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Subtitled: Vice

Adam McKay

Adam McKay returns to our screens for the first time since 2015’s The Big Short, with a smart and witty film about former American Vice-President Dick Cheney. An unrecognisable Christian Bale gives a meaty performance as the bombastic figure whose 50-year career covered many of the most important moments in contemporary US politics.

"An unrecognisable Christian Bale gives a meaty performance..."

Having failed at Yale, Cheney returns home to Wyoming as a young man mostly interested in booze and cigarettes. Encouraged by his ambitious fiancée Lynne (Amy Adams), he pulls himself together and moves to Washington, D.C. to become a congressional intern, where he eventually befriends Republican insider Donald Rumsfeld (Steve Carell). The film makes it clear that McKay is not a Cheney cheerleader and that the erosion of democratic principles; the manufacture of ‘alternative facts’; and the rise of an authoritarian executive branch so familiar now under Trump, had already come to pass when George W. Bush (Sam Rockwell) was in office.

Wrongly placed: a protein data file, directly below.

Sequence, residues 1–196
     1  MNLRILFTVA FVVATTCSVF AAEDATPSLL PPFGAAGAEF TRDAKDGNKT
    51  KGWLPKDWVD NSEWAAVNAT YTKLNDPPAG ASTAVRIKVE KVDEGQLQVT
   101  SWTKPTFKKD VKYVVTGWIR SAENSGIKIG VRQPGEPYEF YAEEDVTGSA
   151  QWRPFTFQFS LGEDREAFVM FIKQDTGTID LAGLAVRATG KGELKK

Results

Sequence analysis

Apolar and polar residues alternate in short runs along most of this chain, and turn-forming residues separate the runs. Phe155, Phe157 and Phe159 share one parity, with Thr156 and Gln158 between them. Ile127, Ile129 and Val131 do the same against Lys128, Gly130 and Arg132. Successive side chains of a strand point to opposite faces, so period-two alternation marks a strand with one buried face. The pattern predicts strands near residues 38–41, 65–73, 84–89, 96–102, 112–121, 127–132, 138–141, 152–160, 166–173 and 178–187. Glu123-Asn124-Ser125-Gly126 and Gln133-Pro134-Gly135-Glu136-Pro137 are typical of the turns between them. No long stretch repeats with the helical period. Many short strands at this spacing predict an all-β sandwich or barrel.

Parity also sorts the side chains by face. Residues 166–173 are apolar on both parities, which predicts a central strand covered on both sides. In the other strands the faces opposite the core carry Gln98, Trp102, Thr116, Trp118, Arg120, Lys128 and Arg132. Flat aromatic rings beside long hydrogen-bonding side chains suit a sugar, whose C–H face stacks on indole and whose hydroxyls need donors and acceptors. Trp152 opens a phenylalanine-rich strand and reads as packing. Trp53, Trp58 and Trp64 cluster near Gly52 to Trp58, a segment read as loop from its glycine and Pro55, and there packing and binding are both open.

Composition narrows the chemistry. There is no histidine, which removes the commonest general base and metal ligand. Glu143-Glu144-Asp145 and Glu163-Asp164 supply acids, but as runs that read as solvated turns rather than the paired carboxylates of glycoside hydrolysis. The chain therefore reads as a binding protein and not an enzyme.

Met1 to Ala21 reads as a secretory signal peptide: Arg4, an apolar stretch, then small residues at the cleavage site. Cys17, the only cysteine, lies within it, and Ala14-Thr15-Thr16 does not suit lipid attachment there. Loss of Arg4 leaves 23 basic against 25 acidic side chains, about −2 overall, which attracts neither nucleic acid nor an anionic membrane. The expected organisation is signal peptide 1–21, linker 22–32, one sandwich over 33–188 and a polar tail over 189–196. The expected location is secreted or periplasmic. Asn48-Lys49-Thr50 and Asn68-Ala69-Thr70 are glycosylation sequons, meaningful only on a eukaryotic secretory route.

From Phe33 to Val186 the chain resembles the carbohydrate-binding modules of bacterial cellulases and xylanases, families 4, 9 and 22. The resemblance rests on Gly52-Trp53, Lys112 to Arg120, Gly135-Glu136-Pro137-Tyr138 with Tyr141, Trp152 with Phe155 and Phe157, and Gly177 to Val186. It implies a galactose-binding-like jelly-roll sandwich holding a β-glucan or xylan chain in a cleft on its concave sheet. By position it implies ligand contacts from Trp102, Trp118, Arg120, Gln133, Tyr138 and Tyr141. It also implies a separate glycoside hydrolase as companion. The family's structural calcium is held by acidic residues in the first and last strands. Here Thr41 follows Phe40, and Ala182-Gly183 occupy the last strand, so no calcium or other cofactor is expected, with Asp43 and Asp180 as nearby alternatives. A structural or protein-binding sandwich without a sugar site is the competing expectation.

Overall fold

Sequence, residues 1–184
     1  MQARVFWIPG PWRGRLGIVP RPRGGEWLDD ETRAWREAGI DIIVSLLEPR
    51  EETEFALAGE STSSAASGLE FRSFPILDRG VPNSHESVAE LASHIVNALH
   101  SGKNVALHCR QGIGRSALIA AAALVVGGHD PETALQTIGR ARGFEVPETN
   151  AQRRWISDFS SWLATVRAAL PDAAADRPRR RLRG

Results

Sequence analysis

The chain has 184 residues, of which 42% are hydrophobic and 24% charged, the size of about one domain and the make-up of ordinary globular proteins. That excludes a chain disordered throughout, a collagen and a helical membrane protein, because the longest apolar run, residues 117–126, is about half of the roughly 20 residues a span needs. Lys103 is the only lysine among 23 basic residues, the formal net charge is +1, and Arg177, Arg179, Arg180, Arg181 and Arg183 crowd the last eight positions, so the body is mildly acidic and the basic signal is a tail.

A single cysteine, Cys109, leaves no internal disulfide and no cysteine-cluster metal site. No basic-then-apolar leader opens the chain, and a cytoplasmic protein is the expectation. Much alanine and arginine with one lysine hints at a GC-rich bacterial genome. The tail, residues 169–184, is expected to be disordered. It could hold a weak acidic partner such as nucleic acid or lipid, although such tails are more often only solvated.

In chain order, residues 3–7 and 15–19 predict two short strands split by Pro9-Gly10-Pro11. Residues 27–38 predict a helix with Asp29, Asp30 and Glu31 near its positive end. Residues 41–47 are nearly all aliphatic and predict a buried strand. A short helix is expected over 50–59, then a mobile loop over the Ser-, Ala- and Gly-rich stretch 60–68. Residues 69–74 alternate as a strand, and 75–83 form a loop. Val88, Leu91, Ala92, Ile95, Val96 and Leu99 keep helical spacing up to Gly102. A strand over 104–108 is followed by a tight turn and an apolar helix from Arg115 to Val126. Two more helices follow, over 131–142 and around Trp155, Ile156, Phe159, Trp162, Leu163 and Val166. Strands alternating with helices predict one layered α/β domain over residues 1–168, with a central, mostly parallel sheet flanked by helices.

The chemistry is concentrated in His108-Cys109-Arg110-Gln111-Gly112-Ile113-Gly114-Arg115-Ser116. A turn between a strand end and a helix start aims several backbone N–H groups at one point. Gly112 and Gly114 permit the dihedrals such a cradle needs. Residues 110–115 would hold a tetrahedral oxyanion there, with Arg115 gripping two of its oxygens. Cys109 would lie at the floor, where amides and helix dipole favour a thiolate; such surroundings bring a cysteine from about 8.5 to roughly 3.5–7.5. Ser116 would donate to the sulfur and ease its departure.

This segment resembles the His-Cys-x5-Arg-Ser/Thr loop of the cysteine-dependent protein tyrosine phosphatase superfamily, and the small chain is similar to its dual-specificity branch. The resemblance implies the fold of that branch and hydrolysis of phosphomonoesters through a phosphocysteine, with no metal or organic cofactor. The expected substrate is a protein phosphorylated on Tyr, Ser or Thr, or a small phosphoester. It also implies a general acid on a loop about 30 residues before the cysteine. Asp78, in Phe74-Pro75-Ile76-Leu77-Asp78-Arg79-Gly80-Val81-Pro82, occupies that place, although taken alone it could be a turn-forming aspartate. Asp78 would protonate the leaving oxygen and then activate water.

Disdain and fascination are frequent bedfellows though, and while Vice may present a critical view of Cheney, it is also surprisingly sympathetic at times. Remaining close to the facts (drawing on books by journalists Jane Mayer and Barton Gellman) McKay’s film gives us a portrait of a man who was able, through a combination of discipline, guile and luck, to bend reality to his will. With a tour-de-force performance by Bale at its core, Vice makes amply clear that Cheney was both impressive and ultimately quite terrifying.